|Hold The Anchovies|
Type: Contemporary , Sociological
Author: Harris Tobias
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Retired New York City homicide detective, Vinny DeMarco joins his old partner, Bluto, in a pizza restaurant in Reno, NV. The oldest pizza delivery man in America gets more than he bargained for when he delivers a pizza to the mysterious Scotsman, one of Reno's big shot gangsters. What follows is a tale of action, murder and revenge as hot and spicy as a pepperoni pizza.
HOLD THE ANCHOVIES
My name is Vinny DeMarco and I may be the oldest pizza delivery man in Reno, I certainly feel like it. I'm a retired homicide cop, a refugee, a survivor from the crusty guts of New York City. I fled west the second my pension came through and my sweet wife, Allison, finally lost her fight with cancer. I wanted to get as far away from corpses and crack houses and crazies as I could. The pizza delivery job gives me something to do, it got me out of this tiny furnished room and forced me to mingle.
"You got to get out and mingle," my friend Bluto Carrara used to say. "Here, take these pies over to the Horseshoe. In the back. There's a poker tourney, and hurry back, we got a busy night." Bluto and I used to be partners back in the day. He is my age but he got his pension five years before me after getting his left hand nearly shot off in a Brooklyn domestic dispute turned ugly. Bluto's the reason I'm in Reno. For the last five years he's been after me to join him in this desert city. "It's cheap its warm, Vinny, your pension will cover your expenses. You'll have me and Flo to look after you and, best of all, you won't have to watch your back. There's no crime."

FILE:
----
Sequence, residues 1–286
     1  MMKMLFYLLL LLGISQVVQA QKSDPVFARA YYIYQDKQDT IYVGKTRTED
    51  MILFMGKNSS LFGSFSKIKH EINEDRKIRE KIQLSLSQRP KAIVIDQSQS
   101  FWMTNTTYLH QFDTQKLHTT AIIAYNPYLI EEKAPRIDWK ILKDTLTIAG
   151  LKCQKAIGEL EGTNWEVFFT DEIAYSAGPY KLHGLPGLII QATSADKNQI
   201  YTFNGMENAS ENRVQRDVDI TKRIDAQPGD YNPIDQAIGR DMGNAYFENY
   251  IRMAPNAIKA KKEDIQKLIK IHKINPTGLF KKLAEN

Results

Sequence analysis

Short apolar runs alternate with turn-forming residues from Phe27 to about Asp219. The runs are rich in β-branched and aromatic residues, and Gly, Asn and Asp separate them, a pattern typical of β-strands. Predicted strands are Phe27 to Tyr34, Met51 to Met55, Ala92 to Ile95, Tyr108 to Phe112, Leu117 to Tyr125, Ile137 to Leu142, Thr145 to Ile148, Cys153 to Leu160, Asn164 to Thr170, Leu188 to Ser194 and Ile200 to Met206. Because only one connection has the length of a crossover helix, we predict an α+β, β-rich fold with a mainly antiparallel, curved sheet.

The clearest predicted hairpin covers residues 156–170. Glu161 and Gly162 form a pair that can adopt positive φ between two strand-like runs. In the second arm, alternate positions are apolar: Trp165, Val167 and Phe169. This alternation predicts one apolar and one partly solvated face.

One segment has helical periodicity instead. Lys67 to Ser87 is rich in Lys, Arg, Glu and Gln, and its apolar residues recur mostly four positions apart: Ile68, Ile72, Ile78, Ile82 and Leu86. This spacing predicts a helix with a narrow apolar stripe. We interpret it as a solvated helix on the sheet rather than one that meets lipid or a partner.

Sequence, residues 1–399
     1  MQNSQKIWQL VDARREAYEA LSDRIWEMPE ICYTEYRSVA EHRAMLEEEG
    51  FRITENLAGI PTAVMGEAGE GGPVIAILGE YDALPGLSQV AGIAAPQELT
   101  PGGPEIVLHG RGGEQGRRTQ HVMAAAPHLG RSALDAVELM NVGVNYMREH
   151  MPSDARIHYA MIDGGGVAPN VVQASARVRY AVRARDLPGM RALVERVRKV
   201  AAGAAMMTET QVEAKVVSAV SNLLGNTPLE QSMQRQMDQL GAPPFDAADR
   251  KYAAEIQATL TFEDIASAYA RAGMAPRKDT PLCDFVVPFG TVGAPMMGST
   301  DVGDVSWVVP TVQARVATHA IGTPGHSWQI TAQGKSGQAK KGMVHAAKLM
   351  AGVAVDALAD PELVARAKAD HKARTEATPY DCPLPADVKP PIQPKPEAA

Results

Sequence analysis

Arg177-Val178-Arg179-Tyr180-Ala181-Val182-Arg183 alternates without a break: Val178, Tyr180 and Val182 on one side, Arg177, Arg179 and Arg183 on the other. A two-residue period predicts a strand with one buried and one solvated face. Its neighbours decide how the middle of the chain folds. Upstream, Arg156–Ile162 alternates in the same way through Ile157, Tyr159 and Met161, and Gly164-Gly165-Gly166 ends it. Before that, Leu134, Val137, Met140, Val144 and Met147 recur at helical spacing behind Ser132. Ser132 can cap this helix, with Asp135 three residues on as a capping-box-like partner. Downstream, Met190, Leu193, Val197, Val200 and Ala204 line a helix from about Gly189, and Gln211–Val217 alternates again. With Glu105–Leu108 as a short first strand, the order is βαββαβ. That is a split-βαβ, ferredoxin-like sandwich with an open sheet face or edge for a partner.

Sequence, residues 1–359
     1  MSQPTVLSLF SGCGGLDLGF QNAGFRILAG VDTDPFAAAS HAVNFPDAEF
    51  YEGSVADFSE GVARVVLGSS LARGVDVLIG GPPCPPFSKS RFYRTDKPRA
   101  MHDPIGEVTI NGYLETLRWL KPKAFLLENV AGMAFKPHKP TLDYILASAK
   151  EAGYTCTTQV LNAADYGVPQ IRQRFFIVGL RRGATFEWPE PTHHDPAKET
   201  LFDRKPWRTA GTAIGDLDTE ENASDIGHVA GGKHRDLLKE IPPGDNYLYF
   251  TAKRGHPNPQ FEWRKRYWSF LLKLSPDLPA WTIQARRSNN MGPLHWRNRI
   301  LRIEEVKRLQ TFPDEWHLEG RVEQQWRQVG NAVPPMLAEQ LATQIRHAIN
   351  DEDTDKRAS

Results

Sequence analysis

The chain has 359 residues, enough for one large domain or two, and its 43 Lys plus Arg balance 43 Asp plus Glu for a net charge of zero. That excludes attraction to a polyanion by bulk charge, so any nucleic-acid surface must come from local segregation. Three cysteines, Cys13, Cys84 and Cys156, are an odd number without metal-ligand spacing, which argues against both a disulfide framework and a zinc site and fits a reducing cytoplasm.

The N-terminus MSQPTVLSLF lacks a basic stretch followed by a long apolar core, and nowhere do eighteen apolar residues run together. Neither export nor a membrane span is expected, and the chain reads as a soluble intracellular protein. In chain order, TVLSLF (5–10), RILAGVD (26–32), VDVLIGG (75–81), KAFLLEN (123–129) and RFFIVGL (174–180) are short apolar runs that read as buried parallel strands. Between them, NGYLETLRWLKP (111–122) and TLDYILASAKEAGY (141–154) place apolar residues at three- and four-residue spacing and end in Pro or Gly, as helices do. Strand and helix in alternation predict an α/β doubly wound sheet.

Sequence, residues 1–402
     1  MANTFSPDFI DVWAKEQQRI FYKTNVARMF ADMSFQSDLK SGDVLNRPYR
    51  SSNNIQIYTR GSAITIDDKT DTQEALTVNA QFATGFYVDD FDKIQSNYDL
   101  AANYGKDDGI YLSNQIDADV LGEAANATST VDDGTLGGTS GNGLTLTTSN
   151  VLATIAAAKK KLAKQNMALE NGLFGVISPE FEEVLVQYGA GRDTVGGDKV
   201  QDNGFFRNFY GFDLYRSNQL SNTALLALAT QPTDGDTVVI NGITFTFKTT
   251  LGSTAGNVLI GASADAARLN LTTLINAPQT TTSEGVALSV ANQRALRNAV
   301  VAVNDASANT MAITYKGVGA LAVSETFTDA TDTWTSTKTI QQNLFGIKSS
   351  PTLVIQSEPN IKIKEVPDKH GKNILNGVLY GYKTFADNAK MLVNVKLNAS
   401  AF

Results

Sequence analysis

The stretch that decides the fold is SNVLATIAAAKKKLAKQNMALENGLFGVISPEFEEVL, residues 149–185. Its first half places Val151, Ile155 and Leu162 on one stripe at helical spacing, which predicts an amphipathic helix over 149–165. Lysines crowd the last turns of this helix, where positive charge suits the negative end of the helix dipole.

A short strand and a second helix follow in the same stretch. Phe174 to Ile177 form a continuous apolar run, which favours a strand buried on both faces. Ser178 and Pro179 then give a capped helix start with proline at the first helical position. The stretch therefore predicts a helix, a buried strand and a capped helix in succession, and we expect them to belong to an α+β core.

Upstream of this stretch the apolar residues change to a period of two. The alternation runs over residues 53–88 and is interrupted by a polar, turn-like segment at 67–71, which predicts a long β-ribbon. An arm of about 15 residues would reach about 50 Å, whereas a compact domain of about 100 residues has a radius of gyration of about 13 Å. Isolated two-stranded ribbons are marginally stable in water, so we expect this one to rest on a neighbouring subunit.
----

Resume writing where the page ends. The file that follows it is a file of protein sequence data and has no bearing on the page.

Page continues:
Well he was right about one thing, it was warm.
The tourney room at the Horseshoe is a big ugly room in the back of the hotel set up with lots of card tables and folding chairs. Compared to the glitz and sparkle of the casino it's a no frills vanilla box. The card players don't care. They're intent on winning, for them the three day tournament is their sole focus. I'd been there once before for a poker tournament. I had dreams of making a living as a poker player. That dream only lasted until the second round.
Anyway, I brought the pies to the tourney room and handed them to some official who told me to wait while he distributed them to the tables and collected the money. I stood there cooling my heels. The room was thick with intensity and quiet but for the clicking of poker chips. I could see the game was five card stud. I prefer Texas Hold 'em myself. I felt the siren call to be sitting there weighing the odds and playing mind games with my opponents. The casino provided plenty of free food and drink to the players but there are some who just don't consider it poker without a cigarette, a glass of bourbon and a slice of pizza at their side, hence the delivery.
After a few minutes the official sauntered over and handed me a wad of bills, "This is for the pizza," he said. And as I turned to leave he handed me a stack of chips and added, "and this is for you." I took the chips to the cashier and the young lady handed me two twenties and a ten. Fifty bucks for delivering a half dozen pies. I gave her back the ten and got a roll of quarters. I sat down in front of a multi line slot and played all six lines for a few pulls. On the last pull the machine paid me another fifty bucks. Ninety dollars for delivering a few pies. You gotta love this town.
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